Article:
A 76-year old African American female with a history of arteritic ischemic optic neuropathy (AION) secondary to biopsy-proven giant cell arteritis (GCA) presented with unilateral vision loss in her contralateral eye despite high-dose oral steroid treatment. Dilated fundus examination revealed three cotton wool spots. Fluorescein angiography showed slowed arteriolar filling with late staining of small peripheral arteries, consistent with small vessel arteritis. Laboratory tests for alternative vasculitides were negative. Review of her temporal artery biopsy specimen confirmed lymphoplasmacytic inflammation around small adventitial vessels with no destructive granulomatous or leukocytoclastic small vessel vasculitis, consistent with GCA. Our unique case demonstrates peripheral small vessel retinal arteriolar leakage in GCA, which is a rare finding. This association is of interest because GCA is commonly associated with medium to large vessel pathology without small vessel involvement.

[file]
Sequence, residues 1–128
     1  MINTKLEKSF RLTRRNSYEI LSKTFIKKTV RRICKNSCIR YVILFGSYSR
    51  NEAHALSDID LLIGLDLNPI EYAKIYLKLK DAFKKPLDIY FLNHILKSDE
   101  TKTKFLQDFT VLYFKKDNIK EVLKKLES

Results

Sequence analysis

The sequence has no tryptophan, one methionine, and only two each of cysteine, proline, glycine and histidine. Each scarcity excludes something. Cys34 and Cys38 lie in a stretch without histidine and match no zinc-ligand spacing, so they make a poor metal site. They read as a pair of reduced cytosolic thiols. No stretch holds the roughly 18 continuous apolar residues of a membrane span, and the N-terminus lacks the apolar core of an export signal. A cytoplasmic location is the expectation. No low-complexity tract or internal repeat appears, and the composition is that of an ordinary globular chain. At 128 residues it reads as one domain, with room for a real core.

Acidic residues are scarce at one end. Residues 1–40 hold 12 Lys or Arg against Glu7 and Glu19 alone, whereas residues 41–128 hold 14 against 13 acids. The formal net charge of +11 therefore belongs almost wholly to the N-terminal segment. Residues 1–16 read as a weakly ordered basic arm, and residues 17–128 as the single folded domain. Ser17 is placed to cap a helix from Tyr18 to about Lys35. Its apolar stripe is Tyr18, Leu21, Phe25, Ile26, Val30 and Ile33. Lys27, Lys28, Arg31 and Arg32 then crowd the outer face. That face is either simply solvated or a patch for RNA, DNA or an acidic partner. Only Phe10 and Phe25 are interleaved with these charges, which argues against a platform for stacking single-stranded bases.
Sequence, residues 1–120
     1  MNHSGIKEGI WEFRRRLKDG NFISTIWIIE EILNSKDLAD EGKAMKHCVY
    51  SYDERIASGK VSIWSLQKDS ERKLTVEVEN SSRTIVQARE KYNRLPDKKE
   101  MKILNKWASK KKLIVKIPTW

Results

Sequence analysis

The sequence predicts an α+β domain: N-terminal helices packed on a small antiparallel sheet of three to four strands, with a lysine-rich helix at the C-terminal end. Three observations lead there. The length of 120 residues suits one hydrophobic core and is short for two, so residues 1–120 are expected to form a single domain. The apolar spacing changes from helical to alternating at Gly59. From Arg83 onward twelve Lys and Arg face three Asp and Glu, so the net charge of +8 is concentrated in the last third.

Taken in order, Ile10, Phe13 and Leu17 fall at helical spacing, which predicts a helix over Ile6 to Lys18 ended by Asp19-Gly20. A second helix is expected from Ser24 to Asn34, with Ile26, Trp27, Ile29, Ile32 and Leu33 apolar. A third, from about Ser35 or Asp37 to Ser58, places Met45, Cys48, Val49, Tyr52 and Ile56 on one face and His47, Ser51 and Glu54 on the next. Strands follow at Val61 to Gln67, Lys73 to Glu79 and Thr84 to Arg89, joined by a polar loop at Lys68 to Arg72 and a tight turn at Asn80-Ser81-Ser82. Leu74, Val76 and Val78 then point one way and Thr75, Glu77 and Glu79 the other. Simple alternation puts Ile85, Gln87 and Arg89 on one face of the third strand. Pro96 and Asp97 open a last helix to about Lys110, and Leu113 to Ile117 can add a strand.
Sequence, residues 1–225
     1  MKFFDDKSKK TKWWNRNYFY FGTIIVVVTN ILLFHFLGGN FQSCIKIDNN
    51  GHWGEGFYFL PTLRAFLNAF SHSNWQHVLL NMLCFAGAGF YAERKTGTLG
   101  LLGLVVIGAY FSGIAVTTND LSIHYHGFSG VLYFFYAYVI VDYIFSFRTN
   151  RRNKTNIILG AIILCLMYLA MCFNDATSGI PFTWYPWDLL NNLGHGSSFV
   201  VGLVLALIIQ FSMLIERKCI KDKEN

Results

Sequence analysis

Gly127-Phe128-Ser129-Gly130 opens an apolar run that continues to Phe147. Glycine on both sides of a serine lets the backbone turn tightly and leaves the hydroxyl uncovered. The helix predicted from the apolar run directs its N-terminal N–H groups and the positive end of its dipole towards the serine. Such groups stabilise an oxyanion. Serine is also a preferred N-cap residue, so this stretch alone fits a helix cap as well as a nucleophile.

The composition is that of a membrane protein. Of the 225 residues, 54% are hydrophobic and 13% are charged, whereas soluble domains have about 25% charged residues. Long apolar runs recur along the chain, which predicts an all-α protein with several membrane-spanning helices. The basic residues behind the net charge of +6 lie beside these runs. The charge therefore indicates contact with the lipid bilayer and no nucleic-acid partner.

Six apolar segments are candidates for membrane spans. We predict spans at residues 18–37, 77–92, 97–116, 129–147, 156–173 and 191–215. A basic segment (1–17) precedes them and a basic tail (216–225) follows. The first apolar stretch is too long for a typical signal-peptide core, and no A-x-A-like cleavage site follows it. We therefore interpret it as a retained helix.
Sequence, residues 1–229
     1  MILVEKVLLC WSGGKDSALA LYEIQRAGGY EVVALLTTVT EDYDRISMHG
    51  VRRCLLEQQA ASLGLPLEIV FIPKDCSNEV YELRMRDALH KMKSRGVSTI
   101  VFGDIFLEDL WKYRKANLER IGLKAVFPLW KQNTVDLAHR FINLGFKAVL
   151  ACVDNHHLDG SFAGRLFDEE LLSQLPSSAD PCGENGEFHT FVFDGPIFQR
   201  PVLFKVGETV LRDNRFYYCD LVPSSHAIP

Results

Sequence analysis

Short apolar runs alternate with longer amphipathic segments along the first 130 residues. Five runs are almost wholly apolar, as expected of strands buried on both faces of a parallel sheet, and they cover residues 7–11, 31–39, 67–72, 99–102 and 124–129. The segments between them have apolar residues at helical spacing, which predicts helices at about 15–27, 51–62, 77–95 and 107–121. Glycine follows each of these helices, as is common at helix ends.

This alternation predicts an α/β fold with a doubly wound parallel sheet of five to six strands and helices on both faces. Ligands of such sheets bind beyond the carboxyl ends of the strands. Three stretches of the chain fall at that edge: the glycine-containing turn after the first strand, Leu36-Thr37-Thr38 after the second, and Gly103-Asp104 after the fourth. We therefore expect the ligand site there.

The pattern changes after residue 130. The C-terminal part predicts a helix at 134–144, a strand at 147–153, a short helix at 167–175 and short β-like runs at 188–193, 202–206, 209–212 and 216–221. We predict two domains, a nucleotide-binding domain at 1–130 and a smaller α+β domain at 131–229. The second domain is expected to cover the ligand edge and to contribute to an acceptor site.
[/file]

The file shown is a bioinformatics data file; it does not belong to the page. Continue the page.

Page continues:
A 76-year-old woman with a history of hypertension, non-insulin dependent type 2 diabetes, stroke, and arteritic ischemic optic neuropathy (AION) of the left eye due to biopsy-proven giant cell arteritis (GCA) presented with painless, diffuse vision loss in the right eye for the past 10 days despite current high-dose oral steroid treatment (0.75 mg/kg/day prednisone). Diabetes and hypertension were controlled with a recent hemoglobin A1c of 6.4% and blood pressure of 122/74 at recent outpatient visit. Uncorrected visual acuity was decreased from her baseline of 20/40 to 20/70 in the right eye with no improvement with pinhole. Slit lamp examination of the anterior segment was unremarkable except for 2+ nuclear sclerotic cataract and 1+ cortical cataract in the right eye; the left eye was pseudophakic. There was no evidence of inflammation of the anterior or posterior segment of either eye. Dilated fundus examination showed two cotton wool spots in the right eye (Fig. 1a), which had not been noted on recent dilated fundus examinations; there was optic nerve pallor in the left eye in the setting of prior AION (Fig. 1b). Fluorescein angiography demonstrated patchy choroidal non-perfusion and slowed arteriolar filling in the early phase in the right eye (Fig. 1d), likely contributing to her decreased visual acuity, with late peripheral arteriolar leakage in this eye (Fig. 1e) and areas of choroidal non-perfusion in the left eye (Fig. 1f). Inflammatory markers, including erythrocyte sedimentation rate (ESR) and C-reactive protein (CRP), were normal for age. She was treated with high dose intravenous steroids (1 g solumedrol daily × 5 days) followed by 1 mg/kg/day oral prednisone with a slow taper. Workup for other causes of small vessel vasculitis, including anti-neutrophil cytoplasmic antibodies (ANCA), antinuclear antibodies (ANA), lyme and syphilis serologies, was negative. Review of her medications failed to demonstrate any known pharmaceuticals associated with retinal vasculitis or intraocular inflammation. Her temporal artery biopsy specimen demonstrated destructive granulomatous infiltration of the adventitia, media and intima, along with lymphoplasmacytic inflammation around small adventitial vessels without destructive granulomatous or leukocytoclastic small vessel vasculitis, consistent with GCA without evidence of additional vasculitides (Fig. 1c). Steroids were tapered, she was started on tocilizumab by her rheumatologist, and her visual acuity stabilized.